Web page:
Jump to content

Tammar wallaby

From Simple English Wikipedia, the free encyclopedia

Tammar wallaby [1]
Scientific classification
Binomial name
Macropus eugenii
Desmarest, 1817
Macropus eugenii eugenii at Innes National Park, South Australia

The tammar wallaby (Macropus eugenii) is a small species of wallaby from Australia. They were the first macropods to be seen by Europeans. Francisco Pelsaert, captain of the Batavia, saw them when the ship was wrecked on the Abrolhos Islands in 1629. He said they looked like hopping cats. There are three sub-species of tammar wallaby:

The name tammar comes from the word tamma, meaning sheoak. The wallaby lives under sheoak plants.

Tammar wallabies became extinct on mainland South Australia in the 1930's.[4] Extinction has been caused by habitat destruction, hunting, and foxes. In 1998 a small population of South Australian wallabies was found living on Kawau Island near Auckland, in New Zealand.[4] This group had been established by former South Australian governor, Sir George Grey in 1862 as part of his own private zoo. In New Zealand these wallabies were seen as a pest, and scientists have been studying ways to get rid of them.[5] 85 wallabies were taken back to South Australia. After extensive fox controls at Innes National Park, 10 wallabies were released in November 2004.[4] Another 36 were released in June 2005. These first releases were tracked with radio collars. Another group has been put into a captive breeding program at Monarto Zoo.[4]

Tammar wallabies live in thick scrub during the day and come out into grassland to feed at night.[6] They eat mainly grass and herbs.[6] In dry areas they have been known to survive by drinking seawater.[7] They range over an area of about 5 hectares (12 acres).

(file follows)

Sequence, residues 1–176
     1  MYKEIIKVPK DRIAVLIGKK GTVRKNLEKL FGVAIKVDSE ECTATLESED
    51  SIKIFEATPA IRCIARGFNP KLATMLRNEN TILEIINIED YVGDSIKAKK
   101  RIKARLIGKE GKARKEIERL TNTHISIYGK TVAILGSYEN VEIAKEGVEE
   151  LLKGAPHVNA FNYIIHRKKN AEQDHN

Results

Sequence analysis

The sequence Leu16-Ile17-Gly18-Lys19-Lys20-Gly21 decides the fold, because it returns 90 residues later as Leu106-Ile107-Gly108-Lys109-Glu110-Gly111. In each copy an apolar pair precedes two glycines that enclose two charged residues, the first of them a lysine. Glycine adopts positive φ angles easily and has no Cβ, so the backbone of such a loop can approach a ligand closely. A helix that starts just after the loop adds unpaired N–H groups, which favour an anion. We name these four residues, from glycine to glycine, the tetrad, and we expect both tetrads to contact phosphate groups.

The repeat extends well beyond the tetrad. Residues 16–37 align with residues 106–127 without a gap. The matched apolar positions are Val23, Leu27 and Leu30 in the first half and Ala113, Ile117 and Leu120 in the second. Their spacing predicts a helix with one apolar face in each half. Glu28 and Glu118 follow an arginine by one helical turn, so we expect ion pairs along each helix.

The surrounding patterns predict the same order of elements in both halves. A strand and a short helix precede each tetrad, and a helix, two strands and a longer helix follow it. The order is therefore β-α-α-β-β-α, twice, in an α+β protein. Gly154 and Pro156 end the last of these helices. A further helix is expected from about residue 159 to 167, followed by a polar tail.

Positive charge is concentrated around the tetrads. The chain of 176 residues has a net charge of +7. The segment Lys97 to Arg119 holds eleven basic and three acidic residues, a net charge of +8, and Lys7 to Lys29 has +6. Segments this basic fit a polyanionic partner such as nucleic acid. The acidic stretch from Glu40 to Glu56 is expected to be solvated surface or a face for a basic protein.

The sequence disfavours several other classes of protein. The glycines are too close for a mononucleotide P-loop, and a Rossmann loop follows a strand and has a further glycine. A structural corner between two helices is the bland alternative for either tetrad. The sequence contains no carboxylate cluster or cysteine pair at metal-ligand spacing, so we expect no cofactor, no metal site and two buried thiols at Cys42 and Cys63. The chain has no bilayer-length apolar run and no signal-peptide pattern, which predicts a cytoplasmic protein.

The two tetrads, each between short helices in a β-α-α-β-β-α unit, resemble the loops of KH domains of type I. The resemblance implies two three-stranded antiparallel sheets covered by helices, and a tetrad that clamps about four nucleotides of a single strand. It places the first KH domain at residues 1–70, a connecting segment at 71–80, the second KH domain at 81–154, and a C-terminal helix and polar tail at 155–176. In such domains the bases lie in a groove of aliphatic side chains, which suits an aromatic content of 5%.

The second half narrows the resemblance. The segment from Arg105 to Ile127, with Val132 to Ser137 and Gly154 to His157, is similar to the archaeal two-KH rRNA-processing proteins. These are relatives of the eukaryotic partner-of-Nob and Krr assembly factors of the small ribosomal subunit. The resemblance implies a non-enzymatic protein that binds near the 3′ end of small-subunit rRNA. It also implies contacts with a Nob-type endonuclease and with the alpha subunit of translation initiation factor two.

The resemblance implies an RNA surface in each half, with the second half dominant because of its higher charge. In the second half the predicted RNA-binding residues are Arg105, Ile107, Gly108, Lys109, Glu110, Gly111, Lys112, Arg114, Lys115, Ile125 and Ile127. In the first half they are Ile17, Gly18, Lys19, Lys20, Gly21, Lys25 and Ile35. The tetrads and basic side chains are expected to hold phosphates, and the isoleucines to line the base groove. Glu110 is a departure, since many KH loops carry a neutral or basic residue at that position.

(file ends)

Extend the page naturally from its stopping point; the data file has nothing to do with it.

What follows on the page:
They are about 50 centimetres (19.7 in) in height, with a dark grey brown fur. They have reddish colour on their arms and sides, with pale grey fur on their bellies. They may also have a feint white line on their cheeks.

The wallabies have a very unusual breeding pattern. The fertilized eggs remain dormant inside the mother until the summer solstice when foetal development restarts.[8] This is called "embryonic diapause". All the young are born on the same day about 31 days later, at the end of January or the beginning of February.

The tammar wallaby is the marsupial chosen for the genome sequencing project.[9][10] Scientists are studying the milk from the wallaby as they think it might contain a new and powerful antibiotic.[9]


[change | change source]
  1. Groves, Colin (2005). Wilson, D. E.; Reeder, D. M. (eds.). Mammal Species of the World (3rd ed.). Johns Hopkins University Press. p. 64. ISBN 0-801-88221-4.
  2. Morris K.; et al. (2008). "Macropus eugenii". IUCN Red List of Threatened Species. Version 2008. International Union for Conservation of Nature. Retrieved 28 December 2008. Database entry includes justification for why this species is of least concern
  3. "Macropus eugenii eugenii — tammar wallaby (South Australia)". environment.gov.au. Retrieved 10 November 2010.
  4. 4.0 4.1 4.2 4.3 "Biodiversity - Threatened Fauna - Tammar Wallaby". environment.sa.gov.au. Archived from the original on 14 July 2009. Retrieved 10 November 2010.
  5. Warburton, B. (1990). "CSIRO PUBLISHING - Wildlife Research". Publish.csiro.au. 17 (5): 541–546. doi:10.1071/wr9900541. Retrieved 10 November 2010.
  6. 6.0 6.1 "Tammar wallaby - Macropus eugenii : WAZA : World Association of Zoos and Aquariums". waza.org. Archived from the original on 20 April 2010. Retrieved 10 November 2010.
  7. "Tammar wallaby Facts - National Zoo|FONZ". nationalzoo.si.edu. Archived from the original on 28 February 2012. Retrieved 10 November 2010.
  8. "Fact Sheet - Tammar wallaby (Western Australia)". rootourism.com. Retrieved 10 November 2010.
  9. 9.0 9.1 "Adelaide Zoo and Monarto Zoo. Australian Panda home". adelaidezoo.com.au. Archived from the original on 18 February 2011. Retrieved 10 November 2010.
  10. "AGRF - Completion of wallaby project". agrf.org.au. Archived from the original on 16 February 2011. Retrieved 10 November 2010.